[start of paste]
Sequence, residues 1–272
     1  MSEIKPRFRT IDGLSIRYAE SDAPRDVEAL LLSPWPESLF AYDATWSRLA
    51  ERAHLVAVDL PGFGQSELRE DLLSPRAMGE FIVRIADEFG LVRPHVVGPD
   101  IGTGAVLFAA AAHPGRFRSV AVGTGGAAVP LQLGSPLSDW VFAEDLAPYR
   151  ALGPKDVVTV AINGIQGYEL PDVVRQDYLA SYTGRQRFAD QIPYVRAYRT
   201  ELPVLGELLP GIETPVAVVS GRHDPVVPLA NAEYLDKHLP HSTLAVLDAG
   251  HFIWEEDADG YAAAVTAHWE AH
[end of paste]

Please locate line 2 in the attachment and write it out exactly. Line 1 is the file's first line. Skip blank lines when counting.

     1  MSEIKPRFRT IDGLSIRYAE SDAPRDVEAL LLSPWPESLF AYDATWSRLA